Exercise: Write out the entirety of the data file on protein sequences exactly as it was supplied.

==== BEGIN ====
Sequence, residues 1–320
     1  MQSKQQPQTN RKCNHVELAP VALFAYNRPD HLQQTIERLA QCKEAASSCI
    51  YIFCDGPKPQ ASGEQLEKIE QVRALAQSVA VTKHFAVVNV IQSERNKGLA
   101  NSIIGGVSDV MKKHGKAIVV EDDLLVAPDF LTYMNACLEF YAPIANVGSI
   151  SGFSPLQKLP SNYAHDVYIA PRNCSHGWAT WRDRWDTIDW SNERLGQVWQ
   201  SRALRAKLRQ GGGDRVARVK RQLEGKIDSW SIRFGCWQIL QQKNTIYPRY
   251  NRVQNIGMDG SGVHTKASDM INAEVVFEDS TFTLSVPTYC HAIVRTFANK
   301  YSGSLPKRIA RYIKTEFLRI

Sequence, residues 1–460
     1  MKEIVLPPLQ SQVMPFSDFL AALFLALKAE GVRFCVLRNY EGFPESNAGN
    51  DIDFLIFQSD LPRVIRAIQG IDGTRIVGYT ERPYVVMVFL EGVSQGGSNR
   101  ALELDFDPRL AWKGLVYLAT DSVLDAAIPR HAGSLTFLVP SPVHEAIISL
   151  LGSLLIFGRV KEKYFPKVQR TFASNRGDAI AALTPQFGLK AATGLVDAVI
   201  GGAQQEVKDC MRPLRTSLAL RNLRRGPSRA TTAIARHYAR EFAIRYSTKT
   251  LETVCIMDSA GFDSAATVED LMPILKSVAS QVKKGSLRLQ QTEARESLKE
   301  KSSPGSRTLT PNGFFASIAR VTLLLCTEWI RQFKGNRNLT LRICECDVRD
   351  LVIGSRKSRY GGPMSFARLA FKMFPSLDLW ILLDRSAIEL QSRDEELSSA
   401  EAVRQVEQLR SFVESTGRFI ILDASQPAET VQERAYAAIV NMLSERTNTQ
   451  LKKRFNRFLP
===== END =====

Sequence, residues 1–320
     1  MQSKQQPQTN RKCNHVELAP VALFAYNRPD HLQQTIERLA QCKEAASSCI
    51  YIFCDGPKPQ ASGEQLEKIE QVRALAQSVA VTKHFAVVNV IQSERNKGLA
   101  NSIIGGVSDV MKKHGKAIVV EDDLLVAPDF LTYMNACLEF YAPIANVGSI
   151  SGFSPLQKLP SNYAHDVYIA PRNCSHGWAT WRDRWDTIDW SNERLGQVWQ
   201  SRALRAKLRQ GGGDRVARVK RQLEGKIDSW SIRFGCWQIL QQKNTIYPRY
   251  NRVQNIGMDG SGVHTKASDM INAEVVFEDS TFTLSVPTYC HAIVRTFANK
   301  YSGSLPKRIA RYIKTEFLRI

Sequence, residues 1–460
     1  MKEIVLPPLQ SQVMPFSDFL AALFLALKAE GVRFCVLRNY EGFPESNAGN
    51  DIDFLIFQSD LPRVIRAIQG IDGTRIVGYT ERPYVVMVFL EGVSQGGSNR
   101  ALELDFDPRL AWKGLVYLAT DSVLDAAIPR HAGSLTFLVP SPVHEAIISL
   151  LGSLLIFGRV KEKYFPKVQR TFASNRGDAI AALTPQFGLK AATGLVDAVI
   201  GGAQQEVKDC MRPLRTSLAL RNLRRGPSRA TTAIARHYAR EFAIRYSTKT
   251  LETVCIMDSA GFDSAATVED LMPILKSVAS QVKKGSLRLQ QTEARESLKE
   301  KSSPGSRTLT PNGFFASIAR VTLLLCTEWI RQFKGNRNLT LRICECDVRD
   351  LVIGSRKSRY GGPMSFARLA FKMFPSLDLW ILLDRSAIEL QSRDEELSSA
   401  EAVRQVEQLR SFVESTGRFI ILDASQPAET VQERAYAAIV NMLSERTNTQ
   451  LKKRFNRFLP